The connection however between the Egyptian and the Phoenician alphabets is doubted by some. Dr. Poole, in the Encyclopaedia Britannica, judges that if the latter had been derived from the former, their names would have described the original signs: whereas Aleph signifies an ox, not an eagle; Beth a house, not a bird; Gimel a camel, not a basket; and so on, as far as it is known, to the end.
It may be noticed that God Himself wrote the Ten Commandments on the stones that He gave to Moses, and He may have given the ancient Hebrew characters. It will be found that the whole Hebrew alphabet, except teth, is in those “ten words.”
Writing was needed on other substances besides stones. When a man put away his wife he had to give her a “bill of divorcement” (Deut. 24:11When a man hath taken a wife, and married her, and it come to pass that she find no favor in his eyes, because he hath found some uncleanness in her: then let him write her a bill of divorcement, and give it in her hand, and send her out of his house. (Deuteronomy 24:1)). Papyrus was early used as paper, but being very fragile, it gave place to parchment and vellum, being written on with reeds. It is on the two latter that nearly all the ancient MSS of the scriptures have been preserved to this day. But the skins were expensive and could not be always obtained, which resulted in some of the copies of the New Testament being rubbed out, and something of much less importance being written on the same surface, as in the specimen here given. To enable such erased writing to be read, chemical means have to be resorted to. Such copies are called Palimpsests “rubbed a second time,” or Rescripts.
This is part of the Codex Nitriensis, which contains large portions of Luke’s Gospel, and dates from the sixth century. The original leaves have been folded in half, and then written over in Syriac (by Severus of Antioch against Grammaticus) in the ninth or tenth century. The specimen gives a portion of (Luke 20:9-109Then began he to speak to the people this parable; A certain man planted a vineyard, and let it forth to husbandmen, and went into a far country for a long time. 10And at the season he sent a servant to the husbandmen, that they should give him of the fruit of the vineyard: but the husbandmen beat him, and sent him away empty. (Luke 20:9‑10)).
Writing is such an abstruse thing that no barbarous people has been known to commence any system of writing before seeing specimens of this wonderful art. It is well known that a missionary once wrote on a piece of wood the name of a tool that he needed, and handed it to a chief, asking him to take it to his wife. He asked what he was to say. He was to say nothing; only take the wood. He took it and was amazed when the missionary’s wife threw the wood away and gave him the tool. It was entirely beyond his comprehension that the marks on the piece of wood could convey a message. It was altogether a deep mystery; he hung the piece of wood round his neck, and could often be seen telling the wonderful thing it had done.
Yet we are so familiar with writing that we think it no mystery at all; still there are occult intricacies in it. Our thoughts have to be expressed in words, our words are composed of letters; each of those letters has a distinct sound; and each sound needs some character to represent that sound, which must call forth the same sound, and rapidly form those sounds into words which again convey to the one who reads exactly the same thoughts that were passing through the mind of the writer. Is there no work of God in that?
Again, writing expresses decision and purpose. We may have many thoughts pass through our minds in a day, but none may need or deserve to be written. “It is written” implies a decision one has arrived at as an individual; or what has been recorded as an Act of Parliament; or much higher still, what God has been pleased to cause to be written as His revealed will in the holy writings, for which man can never be too grateful.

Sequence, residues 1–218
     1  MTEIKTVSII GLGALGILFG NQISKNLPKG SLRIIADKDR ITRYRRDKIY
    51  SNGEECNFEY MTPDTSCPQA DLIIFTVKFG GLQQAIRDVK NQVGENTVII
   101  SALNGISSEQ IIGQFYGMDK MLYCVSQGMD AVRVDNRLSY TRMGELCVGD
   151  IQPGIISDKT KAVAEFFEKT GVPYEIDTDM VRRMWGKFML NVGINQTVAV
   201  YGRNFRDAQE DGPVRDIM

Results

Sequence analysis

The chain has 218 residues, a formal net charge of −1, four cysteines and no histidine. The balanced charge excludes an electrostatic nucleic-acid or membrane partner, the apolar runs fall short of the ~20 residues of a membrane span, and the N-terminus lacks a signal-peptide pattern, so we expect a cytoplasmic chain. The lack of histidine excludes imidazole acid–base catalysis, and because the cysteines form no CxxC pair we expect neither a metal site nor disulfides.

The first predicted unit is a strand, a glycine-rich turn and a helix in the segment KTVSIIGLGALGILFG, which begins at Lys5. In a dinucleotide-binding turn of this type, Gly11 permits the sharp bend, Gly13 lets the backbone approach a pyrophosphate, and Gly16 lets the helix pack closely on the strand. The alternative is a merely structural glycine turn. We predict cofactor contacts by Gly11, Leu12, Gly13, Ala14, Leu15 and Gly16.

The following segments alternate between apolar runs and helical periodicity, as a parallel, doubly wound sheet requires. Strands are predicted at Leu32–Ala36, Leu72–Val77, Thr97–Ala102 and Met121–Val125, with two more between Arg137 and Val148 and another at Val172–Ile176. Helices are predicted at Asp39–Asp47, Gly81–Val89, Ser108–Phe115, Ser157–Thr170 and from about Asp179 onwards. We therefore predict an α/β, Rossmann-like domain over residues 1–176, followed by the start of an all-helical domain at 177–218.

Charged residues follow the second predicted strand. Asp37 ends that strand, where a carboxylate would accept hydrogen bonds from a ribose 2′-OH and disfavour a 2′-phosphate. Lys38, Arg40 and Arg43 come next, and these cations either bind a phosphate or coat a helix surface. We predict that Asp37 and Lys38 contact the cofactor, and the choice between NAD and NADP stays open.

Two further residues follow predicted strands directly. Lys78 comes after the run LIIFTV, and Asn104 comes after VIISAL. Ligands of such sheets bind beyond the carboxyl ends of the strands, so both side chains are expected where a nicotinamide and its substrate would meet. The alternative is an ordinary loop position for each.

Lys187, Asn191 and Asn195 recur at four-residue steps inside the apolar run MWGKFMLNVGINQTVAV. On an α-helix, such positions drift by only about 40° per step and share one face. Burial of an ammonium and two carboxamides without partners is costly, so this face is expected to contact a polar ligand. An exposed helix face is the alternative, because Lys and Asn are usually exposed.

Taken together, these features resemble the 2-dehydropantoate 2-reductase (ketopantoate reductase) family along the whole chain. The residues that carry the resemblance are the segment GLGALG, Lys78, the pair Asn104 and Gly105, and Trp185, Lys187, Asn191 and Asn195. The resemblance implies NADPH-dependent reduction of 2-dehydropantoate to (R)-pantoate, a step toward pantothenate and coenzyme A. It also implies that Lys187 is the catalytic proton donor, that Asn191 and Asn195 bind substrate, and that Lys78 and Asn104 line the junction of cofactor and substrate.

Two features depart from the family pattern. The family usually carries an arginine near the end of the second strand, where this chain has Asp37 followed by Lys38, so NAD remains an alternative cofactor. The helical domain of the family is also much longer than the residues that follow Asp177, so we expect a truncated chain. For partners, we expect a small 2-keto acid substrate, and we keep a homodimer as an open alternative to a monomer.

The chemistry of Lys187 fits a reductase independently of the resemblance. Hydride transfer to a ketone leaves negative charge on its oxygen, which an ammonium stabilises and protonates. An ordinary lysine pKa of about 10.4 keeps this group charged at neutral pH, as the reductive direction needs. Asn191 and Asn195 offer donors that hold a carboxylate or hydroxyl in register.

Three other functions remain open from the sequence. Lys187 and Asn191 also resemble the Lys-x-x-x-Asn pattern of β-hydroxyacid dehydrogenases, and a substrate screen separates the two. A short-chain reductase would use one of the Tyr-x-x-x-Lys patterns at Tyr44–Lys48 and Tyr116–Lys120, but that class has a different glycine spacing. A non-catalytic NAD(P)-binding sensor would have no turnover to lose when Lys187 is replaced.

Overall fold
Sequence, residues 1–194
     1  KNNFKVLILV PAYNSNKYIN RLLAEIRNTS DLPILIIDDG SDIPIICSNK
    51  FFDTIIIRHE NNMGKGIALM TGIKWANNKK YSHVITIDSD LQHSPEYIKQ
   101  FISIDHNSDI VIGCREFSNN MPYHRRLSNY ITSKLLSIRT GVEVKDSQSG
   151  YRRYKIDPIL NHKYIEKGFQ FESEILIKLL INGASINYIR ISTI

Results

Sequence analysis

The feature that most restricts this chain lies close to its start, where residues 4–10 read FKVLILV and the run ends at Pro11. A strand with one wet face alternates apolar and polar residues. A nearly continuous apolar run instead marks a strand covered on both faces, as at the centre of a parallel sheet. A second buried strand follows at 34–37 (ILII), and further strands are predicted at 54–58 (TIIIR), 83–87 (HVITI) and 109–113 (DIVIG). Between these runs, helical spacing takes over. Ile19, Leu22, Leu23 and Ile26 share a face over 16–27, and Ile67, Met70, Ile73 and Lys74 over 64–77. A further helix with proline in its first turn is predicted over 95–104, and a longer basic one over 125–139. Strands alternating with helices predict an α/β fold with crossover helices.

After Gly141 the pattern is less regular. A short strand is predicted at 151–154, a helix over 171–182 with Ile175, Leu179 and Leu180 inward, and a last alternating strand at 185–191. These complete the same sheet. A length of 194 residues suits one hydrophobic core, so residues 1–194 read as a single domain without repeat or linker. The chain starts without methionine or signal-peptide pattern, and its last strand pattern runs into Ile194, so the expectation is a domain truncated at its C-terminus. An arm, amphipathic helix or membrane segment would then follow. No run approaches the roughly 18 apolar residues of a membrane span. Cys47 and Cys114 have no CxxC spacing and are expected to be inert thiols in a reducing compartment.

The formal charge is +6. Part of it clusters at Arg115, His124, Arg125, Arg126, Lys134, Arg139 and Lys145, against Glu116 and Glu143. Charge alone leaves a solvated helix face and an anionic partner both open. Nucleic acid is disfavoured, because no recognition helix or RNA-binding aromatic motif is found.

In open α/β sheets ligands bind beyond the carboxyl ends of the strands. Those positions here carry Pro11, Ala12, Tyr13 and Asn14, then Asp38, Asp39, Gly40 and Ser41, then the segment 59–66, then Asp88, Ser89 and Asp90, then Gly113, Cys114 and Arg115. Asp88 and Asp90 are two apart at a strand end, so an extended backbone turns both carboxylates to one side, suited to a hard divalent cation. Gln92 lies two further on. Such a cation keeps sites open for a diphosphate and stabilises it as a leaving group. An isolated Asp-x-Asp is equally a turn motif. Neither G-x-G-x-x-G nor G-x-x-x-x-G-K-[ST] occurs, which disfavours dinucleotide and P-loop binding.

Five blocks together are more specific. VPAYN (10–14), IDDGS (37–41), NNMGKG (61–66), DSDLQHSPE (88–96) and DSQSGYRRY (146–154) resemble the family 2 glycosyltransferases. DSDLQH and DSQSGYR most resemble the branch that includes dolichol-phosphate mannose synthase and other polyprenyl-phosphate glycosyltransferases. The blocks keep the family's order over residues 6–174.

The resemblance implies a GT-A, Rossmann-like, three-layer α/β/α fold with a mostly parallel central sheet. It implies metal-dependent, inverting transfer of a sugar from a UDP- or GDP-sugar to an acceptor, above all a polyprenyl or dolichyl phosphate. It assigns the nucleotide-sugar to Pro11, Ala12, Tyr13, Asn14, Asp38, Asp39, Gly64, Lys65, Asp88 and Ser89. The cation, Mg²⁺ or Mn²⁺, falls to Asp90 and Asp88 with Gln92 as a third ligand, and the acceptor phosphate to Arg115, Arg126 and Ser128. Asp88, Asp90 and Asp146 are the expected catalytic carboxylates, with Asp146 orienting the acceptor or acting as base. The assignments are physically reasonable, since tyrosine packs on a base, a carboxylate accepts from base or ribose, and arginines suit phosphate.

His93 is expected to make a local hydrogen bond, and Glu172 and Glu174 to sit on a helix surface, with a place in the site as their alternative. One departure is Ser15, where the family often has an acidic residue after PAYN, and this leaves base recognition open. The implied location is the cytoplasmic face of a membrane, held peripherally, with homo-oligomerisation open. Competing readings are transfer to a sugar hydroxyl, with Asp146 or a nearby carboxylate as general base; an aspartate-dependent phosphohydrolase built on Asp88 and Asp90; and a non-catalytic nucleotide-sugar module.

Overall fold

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From Manners and Customs of the Bible:

Writing tablets were in use among various ancient nations. They are referred to in Isaiah 30:88Now go, write it before them in a table, and note it in a book, that it may be for the time to come for ever and ever: (Isaiah 30:8) and in Habakkuk 2:22And the Lord answered me, and said, Write the vision, and make it plain upon tables, that he may run that readeth it. (Habakkuk 2:2), and metaphorically in Proverbs 3:33Let not mercy and truth forsake thee: bind them about thy neck; write them upon the table of thine heart: (Proverbs 3:3), Jeremiah 17:11The sin of Judah is written with a pen of iron, and with the point of a diamond: it is graven upon the table of their heart, and upon the horns of your altars; (Jeremiah 17:1) and 2 Corinthians 3:3. They are yet to be seen in modern Greece. Among the Romans they were occasionally made of ivory or of Citron-wood, but generally of beach, fir, or some other common wood. They were covered with a thin coating of wax, in which the letters were formed by a stylus, an instrument corresponding to the modern pen. It was made of gold, silver, brass, iron, copper, ivory, or bone. One end was pointed for writing, while the other was smooth, fiat, and circular, for erasing, and for smoothing the waxed surface so that it might be used again for writing. The outside part of the tablet, which was held in the hand, was not coated with wax, and around the edge of the inside there was a thin, narrow ledge, so that when two tablets came together the waxed surfaces would not touch each other and become marred.
A book was often made of several of these tablets combined, sometimes as many as five or six being fastened together at the backs by means of wires, which also served as hinges. Tablets were used for almost every species of writing, where the document was not of great length. Letters, or even wills, were written upon them. For the purpose of sealing these, and other documents which might require it, holes were made in the outer edge, through which a triple thread was passed and fastened with a seal.